CrossCheck is a multi-publisher initiative to screen published and submitted content for originality. Neuropsychopharmacology uses CrossCheck to detect instances of overlapping and similar text in submitted manuscripts. To find out more about CrossCheck visit www.crossref.org/crosscheck.html.

If a case of plagiarism comes to light after a paper is published, the journal will conduct a preliminary investigation, utilizing the guidelines of the Committee on Publication Ethics. If plagiarism is proven, the journal will contact the author's institute and funding agencies as appropriate. The paper containing the plagiarism may also be formally retracted or subject to correction.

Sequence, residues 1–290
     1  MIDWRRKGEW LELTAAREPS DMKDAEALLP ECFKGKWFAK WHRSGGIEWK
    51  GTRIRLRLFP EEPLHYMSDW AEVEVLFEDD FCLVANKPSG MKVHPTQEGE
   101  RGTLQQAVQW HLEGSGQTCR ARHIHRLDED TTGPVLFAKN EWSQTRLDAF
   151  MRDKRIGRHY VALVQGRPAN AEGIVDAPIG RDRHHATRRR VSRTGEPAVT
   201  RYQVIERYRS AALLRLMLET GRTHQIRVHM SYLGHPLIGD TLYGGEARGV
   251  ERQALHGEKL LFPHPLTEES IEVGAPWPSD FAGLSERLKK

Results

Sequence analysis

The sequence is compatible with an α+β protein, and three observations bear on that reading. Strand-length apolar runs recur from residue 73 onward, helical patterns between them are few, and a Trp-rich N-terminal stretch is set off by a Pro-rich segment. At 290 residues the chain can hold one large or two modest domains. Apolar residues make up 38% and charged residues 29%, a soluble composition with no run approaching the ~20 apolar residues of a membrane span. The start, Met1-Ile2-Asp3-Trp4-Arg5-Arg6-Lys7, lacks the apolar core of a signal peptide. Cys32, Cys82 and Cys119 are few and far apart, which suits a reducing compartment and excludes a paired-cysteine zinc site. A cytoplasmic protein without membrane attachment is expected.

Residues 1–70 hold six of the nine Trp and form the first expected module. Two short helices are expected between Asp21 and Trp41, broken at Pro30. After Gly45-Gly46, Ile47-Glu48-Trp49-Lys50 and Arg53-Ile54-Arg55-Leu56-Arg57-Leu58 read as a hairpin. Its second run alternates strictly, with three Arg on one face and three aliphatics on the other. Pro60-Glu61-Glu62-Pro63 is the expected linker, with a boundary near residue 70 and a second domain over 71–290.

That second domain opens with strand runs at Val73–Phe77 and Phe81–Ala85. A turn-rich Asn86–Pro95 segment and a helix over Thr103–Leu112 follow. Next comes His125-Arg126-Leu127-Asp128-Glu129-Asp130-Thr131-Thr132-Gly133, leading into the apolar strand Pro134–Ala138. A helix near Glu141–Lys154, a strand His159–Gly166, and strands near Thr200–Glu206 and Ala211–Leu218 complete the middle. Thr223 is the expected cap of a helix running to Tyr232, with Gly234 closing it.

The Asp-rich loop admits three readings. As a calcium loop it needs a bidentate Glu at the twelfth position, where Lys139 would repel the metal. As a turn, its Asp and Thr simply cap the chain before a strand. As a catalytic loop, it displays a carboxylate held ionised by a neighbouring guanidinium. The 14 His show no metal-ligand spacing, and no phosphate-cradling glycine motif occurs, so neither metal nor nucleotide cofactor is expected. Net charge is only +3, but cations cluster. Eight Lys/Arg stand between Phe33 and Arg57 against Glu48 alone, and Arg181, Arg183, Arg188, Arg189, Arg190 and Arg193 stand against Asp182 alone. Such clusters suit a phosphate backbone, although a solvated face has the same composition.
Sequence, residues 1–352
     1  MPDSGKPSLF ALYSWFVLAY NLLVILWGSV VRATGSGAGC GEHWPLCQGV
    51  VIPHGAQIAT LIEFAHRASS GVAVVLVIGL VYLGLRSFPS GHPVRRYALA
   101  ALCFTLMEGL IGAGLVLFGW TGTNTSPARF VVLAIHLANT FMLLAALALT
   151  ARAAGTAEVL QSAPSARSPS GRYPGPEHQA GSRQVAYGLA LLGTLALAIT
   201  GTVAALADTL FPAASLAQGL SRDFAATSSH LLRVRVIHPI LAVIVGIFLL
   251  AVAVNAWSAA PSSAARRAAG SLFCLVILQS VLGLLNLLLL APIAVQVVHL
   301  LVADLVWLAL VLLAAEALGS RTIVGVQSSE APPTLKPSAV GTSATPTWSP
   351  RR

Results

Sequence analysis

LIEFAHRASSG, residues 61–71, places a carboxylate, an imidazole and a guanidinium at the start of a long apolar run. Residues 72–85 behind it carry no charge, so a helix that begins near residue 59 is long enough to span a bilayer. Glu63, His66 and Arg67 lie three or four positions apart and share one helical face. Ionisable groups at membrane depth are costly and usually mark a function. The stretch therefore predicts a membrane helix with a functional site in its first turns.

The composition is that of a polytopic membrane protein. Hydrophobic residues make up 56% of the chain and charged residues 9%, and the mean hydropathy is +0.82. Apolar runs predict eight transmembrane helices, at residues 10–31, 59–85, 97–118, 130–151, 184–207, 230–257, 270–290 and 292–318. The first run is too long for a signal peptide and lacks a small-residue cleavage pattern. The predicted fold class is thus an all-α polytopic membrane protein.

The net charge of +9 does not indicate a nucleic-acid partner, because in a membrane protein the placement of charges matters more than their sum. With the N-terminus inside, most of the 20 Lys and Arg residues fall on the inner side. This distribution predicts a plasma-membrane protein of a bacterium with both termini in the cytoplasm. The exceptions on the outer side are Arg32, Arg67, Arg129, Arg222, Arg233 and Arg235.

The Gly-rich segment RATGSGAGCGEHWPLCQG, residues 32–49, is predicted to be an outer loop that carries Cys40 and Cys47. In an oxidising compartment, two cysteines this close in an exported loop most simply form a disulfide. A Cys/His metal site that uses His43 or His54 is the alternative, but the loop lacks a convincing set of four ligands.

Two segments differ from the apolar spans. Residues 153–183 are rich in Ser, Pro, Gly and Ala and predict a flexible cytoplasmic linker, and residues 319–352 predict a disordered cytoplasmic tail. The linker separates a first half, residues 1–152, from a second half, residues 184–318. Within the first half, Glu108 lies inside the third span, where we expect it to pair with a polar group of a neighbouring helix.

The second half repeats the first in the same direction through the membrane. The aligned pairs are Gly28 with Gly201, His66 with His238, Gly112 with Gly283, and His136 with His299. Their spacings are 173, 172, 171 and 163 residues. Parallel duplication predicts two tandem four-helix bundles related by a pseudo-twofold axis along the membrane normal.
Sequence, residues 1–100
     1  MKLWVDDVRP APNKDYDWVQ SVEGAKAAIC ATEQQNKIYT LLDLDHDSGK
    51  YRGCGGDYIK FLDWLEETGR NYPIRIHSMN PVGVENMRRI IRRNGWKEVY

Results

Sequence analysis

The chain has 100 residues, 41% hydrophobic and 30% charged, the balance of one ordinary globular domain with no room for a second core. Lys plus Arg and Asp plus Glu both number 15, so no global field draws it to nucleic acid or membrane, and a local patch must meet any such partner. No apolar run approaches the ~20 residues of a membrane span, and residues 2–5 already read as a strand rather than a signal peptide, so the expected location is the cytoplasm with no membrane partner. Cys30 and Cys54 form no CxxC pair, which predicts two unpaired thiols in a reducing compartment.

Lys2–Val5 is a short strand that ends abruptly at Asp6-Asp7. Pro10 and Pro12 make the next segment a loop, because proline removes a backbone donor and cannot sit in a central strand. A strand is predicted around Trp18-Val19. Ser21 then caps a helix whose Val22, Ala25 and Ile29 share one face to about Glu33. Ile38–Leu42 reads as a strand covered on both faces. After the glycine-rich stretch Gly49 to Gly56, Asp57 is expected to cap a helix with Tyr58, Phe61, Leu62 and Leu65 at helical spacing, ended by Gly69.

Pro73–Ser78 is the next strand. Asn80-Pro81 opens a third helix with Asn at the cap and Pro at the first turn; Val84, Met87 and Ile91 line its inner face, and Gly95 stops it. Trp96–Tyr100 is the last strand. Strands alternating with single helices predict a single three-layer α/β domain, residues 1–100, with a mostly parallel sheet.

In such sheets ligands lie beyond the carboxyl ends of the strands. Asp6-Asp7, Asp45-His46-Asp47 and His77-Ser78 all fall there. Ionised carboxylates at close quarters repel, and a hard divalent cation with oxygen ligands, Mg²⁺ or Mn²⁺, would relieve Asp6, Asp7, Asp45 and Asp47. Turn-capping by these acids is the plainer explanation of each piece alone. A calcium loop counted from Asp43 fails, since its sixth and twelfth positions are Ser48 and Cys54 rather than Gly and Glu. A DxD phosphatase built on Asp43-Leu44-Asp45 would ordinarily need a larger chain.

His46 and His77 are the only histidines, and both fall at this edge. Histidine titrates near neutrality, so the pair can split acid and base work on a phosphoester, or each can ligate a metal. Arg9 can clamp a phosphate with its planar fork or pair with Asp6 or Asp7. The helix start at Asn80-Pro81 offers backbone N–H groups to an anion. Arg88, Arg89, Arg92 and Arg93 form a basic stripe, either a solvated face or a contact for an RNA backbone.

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Duplicate Publication

Papers must be original and not previously published or submitted for publication elsewhere. This rule also applies to non-English language publications. Springer Nature allows and encourages prior publication on recognized community preprint servers for review by other scientists before formal submission to a journal. The details of the preprint server concerned and any accession numbers should be included in the comment section accompanying manuscript submission. This policy does not extend to preprints available to the media or that are otherwise publicized outside the scientific community before or during the submission and consideration process.

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Image Manipulation